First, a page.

Art History Mystery: Stonehenge
Welcome back to the Accessible Art History blog! In today’s post, we are diving into one of the oldest enduring mysteries in art history and archaeology! Stonehenge, the ancient and mysterious monument located on the Salisbury Plain in Wiltshire, England, has captivated the human imagination for centuries. Its massive stone pillars and intricate design have led to numerous speculations about its purpose and origin. But, how was it built? And by who? No, it was not aliens! But, to find out more, keep on reading!
The Builders of Stonehenge
Stonehenge's construction began around 3100 BCE during the late Neolithic period, making it over 4,000 years old! While we don't have concrete historical records of its construction, archaeologists believe that it was built by a community of skilled craftsmen and laborers. These people were part of a society that had developed advanced agricultural techniques. This allowed them to build more permanent settlements versus the nomadic colonies typically seen in hunter-gatherer society. By “settling down”, craftsmen could devise ways to create monuments such as Stonehenge.
It is important to note that there is a common misconception that Stonehenge was built by the Druids, a religious order that existed centuries later during the Iron Age. But, in fact, Stonehenge predates the Druids by several millennia. The indigenous Britons who lived in the region during the Neolithic period are the likely builders. They had the knowledge and skills necessary for such a monumental undertaking.
Two different types of stones were used in the construction of Stonehenge. The larger stones are called “sarsen stones”. They are a type of silcrete rock, which is found all over England. Archaeologists have found evidence that the sarsen stones used at Stonehenge were sourced from various quarries near the Marlborough Downs, about 20 miles away. On average, the stones weighed about 25 tons, with the largest weighing it at an astounding 30 tons! Transporting these massive stones would have been a significant challenge. Some theories suggest that the builders used wooden sledges and possibly rollers to move the stones overland.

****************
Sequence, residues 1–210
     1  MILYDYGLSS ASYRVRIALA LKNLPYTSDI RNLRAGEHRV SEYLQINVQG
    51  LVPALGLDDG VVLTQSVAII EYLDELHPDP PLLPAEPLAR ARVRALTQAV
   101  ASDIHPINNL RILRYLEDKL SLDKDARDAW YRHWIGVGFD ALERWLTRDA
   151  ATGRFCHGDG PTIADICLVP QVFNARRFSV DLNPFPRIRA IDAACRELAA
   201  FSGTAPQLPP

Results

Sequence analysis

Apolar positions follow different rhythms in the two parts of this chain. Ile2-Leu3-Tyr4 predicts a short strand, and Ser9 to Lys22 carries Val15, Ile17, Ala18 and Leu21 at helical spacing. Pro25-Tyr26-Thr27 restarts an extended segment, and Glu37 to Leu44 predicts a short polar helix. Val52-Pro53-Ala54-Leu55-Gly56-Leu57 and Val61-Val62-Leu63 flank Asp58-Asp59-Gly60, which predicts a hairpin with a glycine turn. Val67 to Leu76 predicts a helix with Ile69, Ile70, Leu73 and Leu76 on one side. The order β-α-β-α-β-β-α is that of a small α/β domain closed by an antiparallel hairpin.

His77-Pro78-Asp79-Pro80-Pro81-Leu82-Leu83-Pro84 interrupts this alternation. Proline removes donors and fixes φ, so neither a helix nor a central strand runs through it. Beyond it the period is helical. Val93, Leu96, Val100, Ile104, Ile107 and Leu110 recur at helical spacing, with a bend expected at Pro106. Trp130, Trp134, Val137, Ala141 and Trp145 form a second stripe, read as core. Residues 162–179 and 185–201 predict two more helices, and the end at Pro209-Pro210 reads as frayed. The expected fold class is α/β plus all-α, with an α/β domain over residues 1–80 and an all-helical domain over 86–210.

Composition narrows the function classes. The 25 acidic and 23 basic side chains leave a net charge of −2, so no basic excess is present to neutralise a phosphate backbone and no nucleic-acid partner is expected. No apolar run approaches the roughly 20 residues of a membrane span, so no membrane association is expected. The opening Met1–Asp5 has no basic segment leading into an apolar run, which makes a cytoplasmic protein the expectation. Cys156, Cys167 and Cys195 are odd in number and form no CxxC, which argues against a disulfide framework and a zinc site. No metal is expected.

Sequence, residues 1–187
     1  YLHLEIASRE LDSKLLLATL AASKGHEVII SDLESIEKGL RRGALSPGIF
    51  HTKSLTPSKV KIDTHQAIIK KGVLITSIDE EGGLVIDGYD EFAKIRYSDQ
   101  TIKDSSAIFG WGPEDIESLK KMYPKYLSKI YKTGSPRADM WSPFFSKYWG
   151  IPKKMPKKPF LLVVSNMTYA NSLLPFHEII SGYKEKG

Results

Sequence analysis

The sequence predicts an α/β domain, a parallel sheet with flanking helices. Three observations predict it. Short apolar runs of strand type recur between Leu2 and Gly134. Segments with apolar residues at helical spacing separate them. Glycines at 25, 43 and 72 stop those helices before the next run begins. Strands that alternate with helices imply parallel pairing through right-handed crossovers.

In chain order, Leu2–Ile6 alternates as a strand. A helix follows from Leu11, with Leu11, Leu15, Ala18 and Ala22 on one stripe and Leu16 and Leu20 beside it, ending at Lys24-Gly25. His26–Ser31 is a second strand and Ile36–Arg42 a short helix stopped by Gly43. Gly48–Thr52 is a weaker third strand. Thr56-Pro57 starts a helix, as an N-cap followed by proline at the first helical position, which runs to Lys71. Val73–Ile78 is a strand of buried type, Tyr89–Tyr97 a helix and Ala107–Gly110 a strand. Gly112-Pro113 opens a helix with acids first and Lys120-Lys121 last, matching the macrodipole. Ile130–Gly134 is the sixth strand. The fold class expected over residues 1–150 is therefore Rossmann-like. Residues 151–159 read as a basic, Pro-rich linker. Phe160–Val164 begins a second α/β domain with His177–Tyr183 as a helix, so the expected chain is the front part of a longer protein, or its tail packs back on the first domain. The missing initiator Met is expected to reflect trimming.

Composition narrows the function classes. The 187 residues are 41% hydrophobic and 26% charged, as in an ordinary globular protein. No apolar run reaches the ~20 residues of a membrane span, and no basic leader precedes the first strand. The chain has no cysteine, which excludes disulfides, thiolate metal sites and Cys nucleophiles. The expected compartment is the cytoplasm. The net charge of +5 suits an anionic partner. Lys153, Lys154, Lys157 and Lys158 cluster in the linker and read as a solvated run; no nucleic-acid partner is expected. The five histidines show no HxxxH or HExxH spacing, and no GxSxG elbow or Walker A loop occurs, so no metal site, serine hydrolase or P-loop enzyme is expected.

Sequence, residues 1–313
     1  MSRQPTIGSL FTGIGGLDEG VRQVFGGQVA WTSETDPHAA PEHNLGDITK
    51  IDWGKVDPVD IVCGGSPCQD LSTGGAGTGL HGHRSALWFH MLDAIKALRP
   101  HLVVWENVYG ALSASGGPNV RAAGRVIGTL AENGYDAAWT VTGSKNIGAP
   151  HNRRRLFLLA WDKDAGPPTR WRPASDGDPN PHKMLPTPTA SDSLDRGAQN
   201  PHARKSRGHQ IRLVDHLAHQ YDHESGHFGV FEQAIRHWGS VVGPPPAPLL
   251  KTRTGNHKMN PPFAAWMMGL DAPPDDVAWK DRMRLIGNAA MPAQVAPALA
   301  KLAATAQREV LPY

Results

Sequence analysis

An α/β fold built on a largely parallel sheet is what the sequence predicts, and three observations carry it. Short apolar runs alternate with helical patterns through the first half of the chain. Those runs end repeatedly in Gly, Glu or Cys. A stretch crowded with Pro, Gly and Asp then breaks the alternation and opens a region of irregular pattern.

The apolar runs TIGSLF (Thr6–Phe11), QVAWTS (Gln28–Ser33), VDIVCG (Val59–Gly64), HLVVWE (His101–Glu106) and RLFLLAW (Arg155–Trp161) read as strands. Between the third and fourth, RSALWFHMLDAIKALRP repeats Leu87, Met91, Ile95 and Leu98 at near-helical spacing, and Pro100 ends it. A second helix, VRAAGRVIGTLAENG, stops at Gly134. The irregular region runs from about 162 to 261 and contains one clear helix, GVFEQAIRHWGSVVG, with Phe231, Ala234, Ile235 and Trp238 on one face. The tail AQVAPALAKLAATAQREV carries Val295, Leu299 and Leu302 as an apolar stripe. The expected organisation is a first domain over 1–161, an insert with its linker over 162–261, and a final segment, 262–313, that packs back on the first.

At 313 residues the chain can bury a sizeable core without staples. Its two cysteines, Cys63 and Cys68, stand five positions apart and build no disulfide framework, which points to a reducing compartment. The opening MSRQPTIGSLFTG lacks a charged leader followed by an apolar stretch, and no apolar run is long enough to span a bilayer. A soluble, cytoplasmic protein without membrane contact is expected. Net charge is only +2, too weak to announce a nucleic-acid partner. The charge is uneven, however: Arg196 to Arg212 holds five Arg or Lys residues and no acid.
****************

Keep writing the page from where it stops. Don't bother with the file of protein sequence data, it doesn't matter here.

The other type of stones used at the site are called “bluestones”. This term can refer to a few different kinds of rocks, but the ones at Stonehenge can be traced to all the Preseli Hills in south-west Wales. Bluestones get their name from the bluish hue they take on when they get wet. These ones are smaller, measuring in between 2-5 tons.
Once the stones were transported to the site, they were meticulously shaped and dressed to fit the desired design. This would have required immense skill and precision, as each stone needed to fit snugly with its neighboring stones. To shape the stones, the builders likely used tools made of harder stones, such as flint and chert, which were available in the area.
Stonehenge's iconic trilithons (two vertical stones with a horizontal lintel stone on top) are a testament to the Neolithic builders' engineering prowess. These massive stones were raised into position using ingenious methods, possibly involving wooden scaffolding, counterweights, and the leverage of long wooden poles.
Stonehenge stands as an enduring testament to the ingenuity and craftsmanship of ancient builders. While their identities may remain a mystery, their legacy lives on in the form of this awe-inspiring monument. The techniques they employed to move, shape, and erect the massive stones continue to captivate our imaginations and remind us of the remarkable achievements of early human societies.
Stonehenge. CC 2.0 via Wikimedia Commons
Plan of Stonehenge. CC 3.0 via Wikimedia Commons
The Heel Stone. CC 3.0 via Wikimedia Commons
Gardener’s Art through the Ages, 12th edition by Fred S. Kleiner